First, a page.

He also submits that whatever the petitioner has stated in her posts is her right to freedom of speech.


Bench on perusal of the above states that the material which has been posted by the petitioner appears to be of serious, one which may incite communal disharmony and the impugned FIR discloses cognizable offence against the petitioner, hence no interference is called for by this Court.

Present petition lacks merit and is accordingly dismissed.[Dr Imrana Khan v. State of U.P., Criminal Misc. WP No. 8632 of 2020, decided on 03-09-2020]

Case BriefsHigh Courts

Punjab and Haryana High Court: Harnaresh Singh Gill, J., rejected the bail application filed by the applicant-accused in connection with the FIR registered for offence punishable under Sections 22 and 25 of the Narcotic Drugs and Psychotropic Substances Act, 1985 (NDPS).

The facts, in brevity, are that the intoxicant tablets were recovered from the car in which the applicant was sitting which led to the filing of the above stated FIR.

Counsel for the applicant, Manpreet Ghuman has contended that the recovery has been effectuated in the present case and the applicant has been languishing in police custody for the past seventeen months. Also, the challan has been presented along with the filing of the charges hence the purpose to keep the applicant behind bars has turned redundant.

Counsel for the respondent, M.S. Nagra vehemently objected to the bail application stating that the intoxicant tablets that were recovered in the present matter were of commercial quantity hence, it is not fit that the applicant be granted bail.

Upon careful perusal of the facts, circumstances and arguments advanced the Court observed that an accused does not get entitled to bail merely because of the fact that a challan has been presented or charges have been framed. It’s an inadequate ground especially in the present case where the amount of intoxicant tablets recovered from the applicant falls under the category of commercial quantity. Section 37 of the NDPS Act has specifically barred the grant of bail to an accused in case of a commercial quantity being involved.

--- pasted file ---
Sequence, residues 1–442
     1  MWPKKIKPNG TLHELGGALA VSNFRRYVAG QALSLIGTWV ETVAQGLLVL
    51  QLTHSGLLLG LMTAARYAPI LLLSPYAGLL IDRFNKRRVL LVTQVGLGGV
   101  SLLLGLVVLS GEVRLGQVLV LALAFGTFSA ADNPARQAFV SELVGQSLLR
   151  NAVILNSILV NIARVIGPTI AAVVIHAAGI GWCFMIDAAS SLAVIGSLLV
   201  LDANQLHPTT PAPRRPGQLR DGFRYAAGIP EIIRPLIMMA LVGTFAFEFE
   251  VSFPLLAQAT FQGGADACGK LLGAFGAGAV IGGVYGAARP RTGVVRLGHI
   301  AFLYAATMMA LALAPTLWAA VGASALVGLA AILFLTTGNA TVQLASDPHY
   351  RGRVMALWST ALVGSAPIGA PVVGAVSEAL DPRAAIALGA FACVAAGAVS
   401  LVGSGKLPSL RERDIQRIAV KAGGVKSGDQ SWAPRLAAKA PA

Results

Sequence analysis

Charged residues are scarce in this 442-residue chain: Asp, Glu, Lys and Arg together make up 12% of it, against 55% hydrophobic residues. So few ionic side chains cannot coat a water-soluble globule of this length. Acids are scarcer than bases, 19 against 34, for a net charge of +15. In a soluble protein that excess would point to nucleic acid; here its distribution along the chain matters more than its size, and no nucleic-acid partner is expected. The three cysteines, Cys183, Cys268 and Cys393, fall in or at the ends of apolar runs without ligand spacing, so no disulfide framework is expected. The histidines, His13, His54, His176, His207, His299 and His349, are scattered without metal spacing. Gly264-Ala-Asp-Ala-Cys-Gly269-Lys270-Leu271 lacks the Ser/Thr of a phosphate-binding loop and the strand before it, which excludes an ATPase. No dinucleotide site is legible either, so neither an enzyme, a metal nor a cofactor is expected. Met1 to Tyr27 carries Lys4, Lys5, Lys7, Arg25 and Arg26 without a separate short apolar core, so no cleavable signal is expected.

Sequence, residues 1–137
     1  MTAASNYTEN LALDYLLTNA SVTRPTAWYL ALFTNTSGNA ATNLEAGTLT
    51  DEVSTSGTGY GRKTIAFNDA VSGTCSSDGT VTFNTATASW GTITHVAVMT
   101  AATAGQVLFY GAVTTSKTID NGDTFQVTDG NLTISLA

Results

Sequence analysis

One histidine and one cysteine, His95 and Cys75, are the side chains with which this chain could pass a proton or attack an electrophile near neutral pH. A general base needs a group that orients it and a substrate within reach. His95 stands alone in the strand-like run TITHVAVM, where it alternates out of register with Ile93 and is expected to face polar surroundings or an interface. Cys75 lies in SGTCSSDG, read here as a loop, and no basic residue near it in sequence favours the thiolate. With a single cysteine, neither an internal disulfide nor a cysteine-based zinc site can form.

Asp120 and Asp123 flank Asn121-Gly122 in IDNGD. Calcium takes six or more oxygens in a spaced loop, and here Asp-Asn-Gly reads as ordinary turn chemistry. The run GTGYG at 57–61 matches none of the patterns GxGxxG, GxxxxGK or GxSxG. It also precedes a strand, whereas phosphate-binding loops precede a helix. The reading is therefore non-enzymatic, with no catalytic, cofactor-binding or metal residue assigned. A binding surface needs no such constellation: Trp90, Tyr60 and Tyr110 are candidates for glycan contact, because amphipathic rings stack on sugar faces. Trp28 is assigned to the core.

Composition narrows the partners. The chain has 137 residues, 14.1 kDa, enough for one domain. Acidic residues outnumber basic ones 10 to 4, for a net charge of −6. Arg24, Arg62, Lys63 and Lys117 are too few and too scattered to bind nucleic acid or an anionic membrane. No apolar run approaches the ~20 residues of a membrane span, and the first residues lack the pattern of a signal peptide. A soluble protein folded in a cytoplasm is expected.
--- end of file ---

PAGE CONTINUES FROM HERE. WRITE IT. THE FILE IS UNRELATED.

In view of the above, Court rejected and dismissed the application for lack of merit. [Prem Singh v. State of Punjab, 2020 SCC OnLine P&H 1341, decided on 26-08-2020]

Case BriefsHigh Courts

Patna High Court: Ahsanuddin Amanullah, J., denied bail to the applicant in connection with the FIR registered for offence punishable under Section 30(a) of the Bihar Prohibition and Excise Act, 2016.

The factual matrix is such that the applicant left his motorcycle and ran away while being chased by the police and later the police recovered 108 bottles of illicit liquor from a sack on the motorcycle.

Counsel for the applicant, Usha Rai contended that the applicant has been falsely implicated due to village politics and was never caught. It was submitted that both the bike and the sack do not belong to the applicant. There is not even a single witness to corroborate the event that transpired on that day, yet the applicant has been in custody for the past seven months.

The counsel for the respondent, Harendra Prasad vehemently opposed the bail submitting that there are many witnesses to corroborate the prosecution’s case and have confirmed the applicant’s involvement in liquor trade including the local Chowkidar who was a witness to the act which gives rise to the present matter. Moreover, the counsel drew the Court’s attention towards the incorrigible nature of the applicant, substantiating the same by stating that the applicant has several cases registered against him with six of them under the Excise Act itself. The counsel pleaded that it’s evident from the applicant’s history that he has been misusing the privilege of bail and committing offences of the same nature repeatedly.